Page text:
meeting with Todd Rhoades and Eric Swanson

Been in Dallas the past few days for our quarterly staff meeting, although this was a short quarter, b/c we just met in December. Blogging this from an iMac at the Uptown Apple store before hopping on a plane home. This will mark the end of my travel season, as I’ve been traveling every week since the 1st of the year. Ran into Andy Cheung of Vox Veniae Dallas here, who’s an Apple employee who doesn’t have an iPhone.

One of the things that we Leadership Community directors look for during the gatherings that we convene for churches we work with (now known as “innovation partners”) is the kairos moment when the relational level of the participants goes deeper, and the sense of community get richer. It happened on Monday afternoon/night this week, and that was a wonder to experience. For us, we only see each other 4 times a year as a whole team, and the celebration was more energetic and more laughter filled the room, and mutual support will go a long way. It’s so nice to be in a room with people who understand and appreciate what it is that we do. Most of the time, I get blank stares when I try to explain what it is that I do as a “church consultant.” That’s the concise version. The 2-sentence version is “I’ve got 4 titles, report up to 4 managers, represent 2 non-profit organizations, but only have 1 paycheck. I’m apparently not very good at negotiating my salary package.” And then the 5-minute version is me explaining all the titles and some of the things I do. I still get blank stares with most people. Such is the curse of being an ideas guy and innovationist.

Now, Link Love to the people I hung out with: Todd Rhoades, the infamous voice behind MondayMorningInsight.com and Eric Swanson, the out-of-the-box facetious gentleman from Colorado. Eric blogs profusely at his personal blog, but doesn’t wield TypePad very well at the Learnings @ Leadership Network blog. Plus, an added bonus to meet Dr. Sam Chand, a master networker and trusted advisor of key Kingdom leaders.

Politics did enter a few of our conversations in between the cracks amidst the meeting-filled schedule. One person who allegedly studied political science put on his pundit hat at lunch today, and said that Obama will be unbeatable and win if he gets the nomination. While I am still politically ambivalent, I do sense a growing momentum towards Obama’s electability. I could be persuaded to vote for him.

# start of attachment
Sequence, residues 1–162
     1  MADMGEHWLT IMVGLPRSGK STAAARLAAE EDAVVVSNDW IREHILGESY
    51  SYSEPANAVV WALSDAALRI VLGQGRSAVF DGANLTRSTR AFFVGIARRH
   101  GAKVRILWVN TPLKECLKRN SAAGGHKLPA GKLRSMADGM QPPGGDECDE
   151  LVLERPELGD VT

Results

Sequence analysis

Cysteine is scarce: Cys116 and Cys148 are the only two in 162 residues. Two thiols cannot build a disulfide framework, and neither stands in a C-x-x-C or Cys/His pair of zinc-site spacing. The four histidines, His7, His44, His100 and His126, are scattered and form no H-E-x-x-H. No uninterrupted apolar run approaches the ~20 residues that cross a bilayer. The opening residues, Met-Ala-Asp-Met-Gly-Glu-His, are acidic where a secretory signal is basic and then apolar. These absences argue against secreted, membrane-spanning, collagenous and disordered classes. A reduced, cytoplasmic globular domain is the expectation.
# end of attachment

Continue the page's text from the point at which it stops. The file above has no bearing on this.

One frustrating thing about keeping up with the primary results is this: with as much technology and information as we have available, I have yet to find a website that has a nice visual scorecard where I can see the states, and who won, and how many delegates each candidate has “won.” All I can seem to find is bits and pieces of articles and commentaries. Anyone know of a website that fits I’m describing? The website would probably be Flash-powered, but I’d prefer it not to be.

You may also like...

No Responses

  1. Victor says:

    Not sure if this website meets your needs but it might be worth checking out:
    http://politics.nytimes.com/election-guide/2008/results/delegates/index.html

  2. djchuang says:

    Victor, beautiful scorecard and US map with primary delegates results! Exactly the kind of thing I was looking for! You gotta hand it to the New York Times..

  3. Tom S. says:

    Two other scorecards that I’ve found helpful are those of CNN and Real Clear Politics:

    http://www.cnn.com/ELECTION/2008/primaries/results/scorecard/

    http://www.realclearpolitics.com/epolls/2008/president/democratic_delegate_count.html

    It will be interesting to see if the Democratic delegates won by Clinton for Michigan and Florida will be seated given the importance of those two states in the general election. It has also been fascinating to watch the breakup of the conservative evangelical coalition. For the first time in a long time there are actually evangelical pastors and leaders who are outwardly endorsing a Democrat in the person of Obama. In the not too recent past it would have been considered anathema for an evangelical leader to endorse a Democrat.